Despite the name that would place the variety among the branches of the very large malvasia bianca family tree, malvazija istarska is specific to Istria, although the variety can also be found in the neighboring Koper appellation in Slovenia, as well as in the Friuli-Venezia Giulia area of Italy.

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Malvazija Istarska

Malvazija ranks as Croatia’s second most planted wine grape variety. Because it has a tendency to over crop, malvazija can yield insipid, uninteresting wines (as was the case for many years during the era of Socialsim). Drought or extreme heat can quickly cause the delicate fruit flavors to mute, sugars to spike and acids to drop, leading to one-dimensional swill best suited for bulk sale or distillation.

But when the weather is right, vineyard management techniques hit the mark, and the terroir tenders its sweet spot, something magical and mystical happens (see Matošević ‘s Magical Mystical Tour of the James Beard House), and malvazija reveals its many charms and depths.

(Photo: Cliff Rames)
(Photo: Cliff Rames)

Often referred to as liquid gold (although some would rightfully argue that the excellent local olive oils share that distinction), malvazija is Istria’s pride and joy, its medal champion, and best hope for international recognition from global wine lovers and foodies. No surprise then that a single vineyard malvazija from Kozlović won Gold and Trophy awards at the 2013 International Wine Challenge, and eight single-varietal malvazija istarska wines from Croatia won medals at the 2013  Decanter World Wine Awards.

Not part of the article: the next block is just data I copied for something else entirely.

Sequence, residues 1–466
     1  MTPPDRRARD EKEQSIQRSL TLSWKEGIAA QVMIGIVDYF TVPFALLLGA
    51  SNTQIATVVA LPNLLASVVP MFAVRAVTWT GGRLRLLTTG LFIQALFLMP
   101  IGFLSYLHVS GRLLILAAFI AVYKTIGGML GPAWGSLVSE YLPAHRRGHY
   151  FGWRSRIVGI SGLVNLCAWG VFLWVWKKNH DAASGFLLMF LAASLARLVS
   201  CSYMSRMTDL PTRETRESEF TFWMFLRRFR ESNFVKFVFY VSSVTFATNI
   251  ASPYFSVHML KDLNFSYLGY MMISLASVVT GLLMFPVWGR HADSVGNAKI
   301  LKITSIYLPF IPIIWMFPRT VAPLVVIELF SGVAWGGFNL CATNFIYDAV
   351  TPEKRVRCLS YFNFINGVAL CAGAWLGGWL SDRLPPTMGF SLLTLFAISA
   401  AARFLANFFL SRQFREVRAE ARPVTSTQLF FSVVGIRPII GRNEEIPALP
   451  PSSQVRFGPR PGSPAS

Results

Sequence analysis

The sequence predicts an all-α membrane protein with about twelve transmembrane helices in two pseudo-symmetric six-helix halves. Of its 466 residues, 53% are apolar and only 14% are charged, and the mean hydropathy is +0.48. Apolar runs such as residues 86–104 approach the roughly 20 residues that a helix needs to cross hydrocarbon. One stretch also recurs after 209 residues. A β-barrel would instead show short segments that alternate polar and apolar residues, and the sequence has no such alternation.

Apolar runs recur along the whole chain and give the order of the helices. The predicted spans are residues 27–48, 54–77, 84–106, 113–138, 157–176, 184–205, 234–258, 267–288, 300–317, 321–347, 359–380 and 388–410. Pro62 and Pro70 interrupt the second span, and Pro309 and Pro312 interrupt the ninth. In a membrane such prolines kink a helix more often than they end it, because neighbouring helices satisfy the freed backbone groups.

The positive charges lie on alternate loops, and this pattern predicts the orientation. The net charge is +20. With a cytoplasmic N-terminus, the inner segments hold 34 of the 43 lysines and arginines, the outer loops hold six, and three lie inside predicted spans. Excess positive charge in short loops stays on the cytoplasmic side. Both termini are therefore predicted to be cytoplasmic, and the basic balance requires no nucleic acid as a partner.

decanter 2013-b

In a recent article for the Croatian press, the American food and wine writing duo Jeff Jenssen and Mike DiSimone (aka the World Wine Guys) asserted that the world is ready for malvazija; that the time has come for Istria’s flagship wine to join the ranks of the fabulous and the famous.

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That the Istrians are ready for the world is undisputed. With their own successful technical assistance and marketing association established in 1995, Vinistra, an annual World of Malvazija competition and wine expo, an “Istrian Quality” label designation program for top wines, and a legion of young, talented, innovative and enthusiastic winemakers, it seems inevitable that Istria and malvazija will soon take their rightful places among the stars.

However, Dimitri Brečević, a 34-year old French-Croatian who studied winemaking in Bordeaux before moving to Istria in 2004 to start his own winery and successful Piquentum label, feels that malvazija – as good as it is now – still hides its full potential.